Two teams who were considered firm favorites for this year’s Eredivisie title cancelled each other out in a somewhat disappointing match in the Amsterdam ArenA. Ajax seems unable to break their deadlock, not scoring for the third match in a row and PSV seemed half happy with the away draw, finding a good performance by Maarten Stekelenburg standing in their way. The fact that players from both teams were more involved with refereeing decisions and provoking their opponents than with the quality of their performance was indicative of the dissatisfaction with life at the clubs, particularly at Ajax at the moment.
Ajax’ ongoing midfield problems
After four consecutive Erevidisie appearances, Lindgren was left out by Jol this time. The midfield trio consisted of Enoh, De Zeeuw and De Jong, the combination of players that Jol started the season with too. More than once the defensive frailties of this line-up had been exposed and it was this trio’s performance in Madrid that set-up a sequence of midfield alterations. De Zeeuw’s tendency to take up advanced positions in front of the ball is well known, and combined with De Jong’s role as a false number 10 this regularly led to an understaffed central midfield. This has to be added up to a lack of support from the wing players, especially with striker Suarez who cannot be expected to put in a lot of defensive work on Ajax’ right wing. The result is a formation that tends to go to a 4-2-4 more than the 4-2-3-1 that could be presented on paper.
PSV’s slightly tuned 4-2-3-1
In contrast, PSV does play a true 4-2-3-1 system with Toivonen regulary appearing in midfield. Furthermore, natural wingers Dszudszak and Lens are played in the wide positions and they can be seen to tuck in into the midfield when out of possession, turning the four man attack when in possession into a five man midfield when losing the ball.
The slight alteration for this match contrasted with the choice of players in defensive midfield. With Bakkal and Afellay two players with attacking potential were fielded, but they played a rather conservative role, perhaps stressed by the advanced positions of their direct opponents De Jong and De Zeeuw. On one hand this provided PSV with enough defensive cover and on the other hand it allowed both players to make well –timed runs forward to strengthen the attack at times. After all, a player arriving late, or joining the attack with the ball at feet is more difficult to stop than a player already positioned upfront, in front of the ball.
The first half
Ajax dominated possession slightly in the first part of the match, however, they struggled to pass the ball from defense to midfield as PSV played a compact five men midfield, counting wingers Dsudszak and Lens among the midfielders here, given their defensive awareness. Ajax, on the other hand, tends to position their central midfielders quite high up the pitch, leading to situations like in the screen below. Ajax’ centre-backs will be in possession without any options to pass the ball into midfield. Enoh, de Zeeuw and de Jong have all positioned themselves on the longitudinal axis of the pitch, close to PSV’s defensive line, which was pushed up a bit in a well-thought attempt to limit space. Of further note is the advanced position that right-back Van der Wiel takes up here. Imagine a situation where PSV would manage to win the ball in midfield here and a dangerous counter-attack seems unavoidable.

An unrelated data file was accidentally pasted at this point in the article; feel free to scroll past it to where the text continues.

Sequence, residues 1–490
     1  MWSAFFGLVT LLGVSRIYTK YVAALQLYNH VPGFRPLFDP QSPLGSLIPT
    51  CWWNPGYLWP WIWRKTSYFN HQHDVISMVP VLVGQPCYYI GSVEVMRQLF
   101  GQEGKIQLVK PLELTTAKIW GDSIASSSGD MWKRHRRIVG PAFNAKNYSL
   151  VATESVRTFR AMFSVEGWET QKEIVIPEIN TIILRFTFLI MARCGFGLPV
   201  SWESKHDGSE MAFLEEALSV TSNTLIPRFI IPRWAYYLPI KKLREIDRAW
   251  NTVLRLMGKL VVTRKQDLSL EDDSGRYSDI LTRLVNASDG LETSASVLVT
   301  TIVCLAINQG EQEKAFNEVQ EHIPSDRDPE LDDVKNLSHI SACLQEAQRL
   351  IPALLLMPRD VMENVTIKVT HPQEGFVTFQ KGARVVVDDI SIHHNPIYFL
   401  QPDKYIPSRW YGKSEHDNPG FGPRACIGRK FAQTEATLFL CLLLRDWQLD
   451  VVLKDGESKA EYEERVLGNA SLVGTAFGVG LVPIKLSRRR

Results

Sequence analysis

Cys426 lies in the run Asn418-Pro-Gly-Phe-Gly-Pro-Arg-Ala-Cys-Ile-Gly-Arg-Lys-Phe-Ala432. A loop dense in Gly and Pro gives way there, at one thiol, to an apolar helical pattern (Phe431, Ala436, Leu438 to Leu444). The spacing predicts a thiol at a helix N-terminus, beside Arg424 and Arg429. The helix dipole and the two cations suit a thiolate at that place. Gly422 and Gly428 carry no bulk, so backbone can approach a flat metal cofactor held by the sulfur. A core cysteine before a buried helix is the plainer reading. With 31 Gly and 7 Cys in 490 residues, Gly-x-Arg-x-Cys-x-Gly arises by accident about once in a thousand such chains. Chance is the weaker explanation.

This situation frequently recurred in the first half, with Ajax’ centre-back ending up playing long balls, mostly to Suarez’ feet. The result of this was a difficult ball for him to control, relatively easy defending for PSV and pundits and fans praising the centre-back’s long pass qualities.
Second half changes
Ajax manager Jol made his preferred second half substitution, introducing winger Sulejmani for left-back Anita, moving Emanuelson back in defense, overall increasing the likelihood of players positioning themselves in from of the ball, rather than tackling this problem. PSV kept on looking for the breaks, which they played very well, regularly getting both Lens and Dszudsazk in behind Ajax’ full-backs.
In this second screen PSV’s attacking game plan is well illustrated. They play inside wingers with Toivonen behind striker Reis , rather than on the same level, as De Jong would be relative to El Hamdaoui. Ajax frequently got seduced to narrowing their defense, which illustrated the complete absence of a right winger tracking back. The amount of space for left-back Pieters to take advantage was enormous and Ajax regularly had goalkeeper Stekelenburg to thank with the amount of chances created down this flank.
The end of the match for Ajax…
Nearing the end of the match as rather bore 0-0 draw was always the more likely outcome. Players from both teams started focusing more on provoking their opponent, rather than looking for the win, culminating in Lindgren’s red card and the bizarre Suarez biting incident. With a rumoured seven match ban for Suarez coming up, this might well carry an important effect onto Jol’s tactics for the coming matches. Without Suarez, Ajax’ style of play will certainly be different, but it remains to be seen if Jol would change the formation a bit too.
…and for PSV
PSV on the other hand will be rather content with the draw away at their rivals. Their wingers have performed excellent in their inside 4-2-3-1 system, allowing forward Reis to settle himself as PSV’s number one striker now. With overlapping full-backs when necessary and a double cover in defensive midfield their system is very much a 4-2-3-1 as it should be.